Ask Him for help
IF you've ever felt that suicide could be an answer to your problems, it might help to know that actually God is Life, is all the life you have. Not now or ever can you be separated from Life. You can ask God for help. He is your Father and Mother, who loves you, and trusts and values you right now. Whatever the problems, you'll have to figure them out sooner or later. Not by dropping out of things but by finding better solutions here and now.
Of course you want love--and life does offer love. But maybe it's really something different from what you've been depending on. There's a spiritual love that's not defined by people or confined to having a person care for you. It's God's love. It's divine. In the book called Science and Health with Key to the Scriptures, Mary Baker Eddy,1 the author, talks often about Love. ``The sharp experiences of belief in the supposititious life of matter, as well as our disappointments and ceaseless woes, turn us like tired children to the arms of divine Love. Then we begin to learn Life in divine Science.'' 2
A long time ago in the Bible someone wrote about a man and his suffering. Maybe you've heard of Job. He said: ``Even to day is my complaint bitter: my stroke is heavier than my groaning.'' 3 Job's friends tried to tell him he should take their view of God. His wife told him he ought to curse God and die.
There's a lot of thinking around that sounds like Job's wife. Some of it is fascinated with death, as if it were a friend or a romantic solution to tough times. Some of it dramatizes the self-absorption of the suicide, and the sad ordeal of his family. Such thinking insinuates itself like contagion, making us feel it has to be acted on.
But thoughts of self-destruction are not original. They are not your own; they are mesmeric, and you don't have to act them out. Nobody in his right mind wants to end his world, and you are in your right mind now because you really are in God, Life, and have one divine Mind.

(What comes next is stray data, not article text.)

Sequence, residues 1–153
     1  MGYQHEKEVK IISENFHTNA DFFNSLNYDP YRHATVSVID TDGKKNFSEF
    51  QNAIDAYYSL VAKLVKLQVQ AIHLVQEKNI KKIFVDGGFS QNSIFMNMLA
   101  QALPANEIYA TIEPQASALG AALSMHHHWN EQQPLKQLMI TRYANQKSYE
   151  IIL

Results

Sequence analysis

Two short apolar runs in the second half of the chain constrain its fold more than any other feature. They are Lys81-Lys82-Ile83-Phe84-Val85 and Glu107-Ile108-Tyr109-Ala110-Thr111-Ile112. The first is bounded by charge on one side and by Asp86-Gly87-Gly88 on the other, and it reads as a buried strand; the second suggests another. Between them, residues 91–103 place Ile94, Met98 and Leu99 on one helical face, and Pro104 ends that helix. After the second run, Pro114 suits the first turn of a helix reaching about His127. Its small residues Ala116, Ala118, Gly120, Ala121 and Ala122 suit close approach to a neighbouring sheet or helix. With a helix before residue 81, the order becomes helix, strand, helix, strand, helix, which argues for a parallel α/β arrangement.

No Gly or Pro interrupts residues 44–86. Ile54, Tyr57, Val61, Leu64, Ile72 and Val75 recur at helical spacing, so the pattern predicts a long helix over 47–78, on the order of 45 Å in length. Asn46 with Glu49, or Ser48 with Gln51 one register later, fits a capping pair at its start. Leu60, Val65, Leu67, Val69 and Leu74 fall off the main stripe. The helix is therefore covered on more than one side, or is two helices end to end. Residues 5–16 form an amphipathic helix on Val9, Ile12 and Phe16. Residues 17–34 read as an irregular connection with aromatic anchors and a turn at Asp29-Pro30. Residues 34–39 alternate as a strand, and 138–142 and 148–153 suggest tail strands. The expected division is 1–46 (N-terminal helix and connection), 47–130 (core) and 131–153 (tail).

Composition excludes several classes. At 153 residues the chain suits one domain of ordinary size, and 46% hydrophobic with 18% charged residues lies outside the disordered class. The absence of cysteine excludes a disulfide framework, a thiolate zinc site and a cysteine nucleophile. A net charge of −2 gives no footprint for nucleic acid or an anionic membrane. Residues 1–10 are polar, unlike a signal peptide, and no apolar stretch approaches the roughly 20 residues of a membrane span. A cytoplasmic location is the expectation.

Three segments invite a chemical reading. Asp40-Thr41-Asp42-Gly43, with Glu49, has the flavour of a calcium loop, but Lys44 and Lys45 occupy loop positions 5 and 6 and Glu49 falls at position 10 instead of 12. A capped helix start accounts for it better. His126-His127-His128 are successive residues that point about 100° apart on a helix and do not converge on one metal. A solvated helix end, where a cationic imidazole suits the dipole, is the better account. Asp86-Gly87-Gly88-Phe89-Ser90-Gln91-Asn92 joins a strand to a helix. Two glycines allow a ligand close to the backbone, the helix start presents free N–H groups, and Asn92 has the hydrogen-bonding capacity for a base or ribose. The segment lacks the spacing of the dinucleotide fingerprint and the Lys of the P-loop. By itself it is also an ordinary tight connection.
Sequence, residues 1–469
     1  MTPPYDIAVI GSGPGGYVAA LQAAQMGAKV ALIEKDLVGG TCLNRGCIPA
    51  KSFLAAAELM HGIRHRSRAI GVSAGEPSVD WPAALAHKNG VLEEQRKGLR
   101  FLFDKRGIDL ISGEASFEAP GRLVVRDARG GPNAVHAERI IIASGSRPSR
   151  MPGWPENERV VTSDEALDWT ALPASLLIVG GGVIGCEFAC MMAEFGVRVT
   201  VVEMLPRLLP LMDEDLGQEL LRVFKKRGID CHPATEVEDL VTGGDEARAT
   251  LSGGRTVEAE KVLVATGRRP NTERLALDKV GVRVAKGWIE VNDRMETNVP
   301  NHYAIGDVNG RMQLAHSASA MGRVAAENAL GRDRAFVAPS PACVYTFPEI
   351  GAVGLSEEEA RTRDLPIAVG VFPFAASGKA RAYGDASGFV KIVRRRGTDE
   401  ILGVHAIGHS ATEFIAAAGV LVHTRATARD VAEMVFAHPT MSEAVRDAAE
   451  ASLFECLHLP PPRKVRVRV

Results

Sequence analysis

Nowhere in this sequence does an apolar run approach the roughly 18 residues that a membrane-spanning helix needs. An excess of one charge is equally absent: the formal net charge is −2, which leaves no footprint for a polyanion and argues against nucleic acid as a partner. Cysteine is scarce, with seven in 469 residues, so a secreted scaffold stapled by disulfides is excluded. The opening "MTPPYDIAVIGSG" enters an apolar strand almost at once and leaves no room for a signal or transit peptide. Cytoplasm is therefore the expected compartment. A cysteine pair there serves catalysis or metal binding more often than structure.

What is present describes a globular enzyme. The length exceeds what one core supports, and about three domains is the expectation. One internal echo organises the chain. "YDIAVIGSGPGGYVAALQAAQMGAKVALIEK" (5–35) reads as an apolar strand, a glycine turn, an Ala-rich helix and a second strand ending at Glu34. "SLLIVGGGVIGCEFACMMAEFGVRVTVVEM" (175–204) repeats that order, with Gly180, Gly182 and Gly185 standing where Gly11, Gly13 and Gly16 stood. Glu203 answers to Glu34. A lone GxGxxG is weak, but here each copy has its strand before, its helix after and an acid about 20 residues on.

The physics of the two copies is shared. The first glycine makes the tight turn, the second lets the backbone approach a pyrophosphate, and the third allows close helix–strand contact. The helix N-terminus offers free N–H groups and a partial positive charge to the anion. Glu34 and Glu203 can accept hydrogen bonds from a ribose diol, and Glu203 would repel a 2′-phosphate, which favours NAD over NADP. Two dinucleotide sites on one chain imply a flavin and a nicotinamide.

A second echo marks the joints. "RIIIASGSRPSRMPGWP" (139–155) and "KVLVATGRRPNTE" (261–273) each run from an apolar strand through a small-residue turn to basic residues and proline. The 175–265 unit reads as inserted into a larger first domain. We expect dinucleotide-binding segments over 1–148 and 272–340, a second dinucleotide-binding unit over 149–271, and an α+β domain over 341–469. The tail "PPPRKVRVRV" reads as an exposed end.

Job wanted to follow his own thought, not conform to the simplistic answers of his wife and friends. So he persisted in trying to understand God for himself--not on someone else's terms. ``Oh that I knew where I might find him! that I might come even to his seat!'' 4 he said.
Finally in this drama God speaks to Job out of a whirlwind. He says: ``Wilt thou also disannul my judgment? wilt thou condemn me, that thou mayest be righteous? Hast thou an arm like God? or canst thou thunder with a voice like him?'' 5
And at last Job sees that there is no power--not even despair and suffering--as mighty as the Lord. ``I know that thou canst do every thing, and that no thought can be withholden from thee.'' 6
Maybe you want to find God for yourself. You can. You have every right--a divine right--to work out the problems that are so dismal for you. You can feel freedom and joy where you are and as you truly are, because these are God-given qualities. You aren't isolated--trying to go it alone in a messy world. You are completely special and included in His design. You have courage; you are whole and loving because God made you that way.
This minute you can feel new thoughts--your own thoughts from God. You can be conscious of how close He is, and let His love lead you away from emptiness. These spiritual thoughts tell you that you are God's child, and you can call Him ``my Father-Mother.'' He created you; He made you complete, and capable, and very lovable. At this moment God is holding you safe in His arms. You can ask Him for help.
1 The Discoverer and Founder of Christian Science. 2 Science and Health, p. 322. 3 Job 23:2. 4 Job 23:3. 5 Job 40:8, 9. 6 Job 42:2.
This article is a condensation of one that appears in the January 28 issue of the Christian Science Sentinel.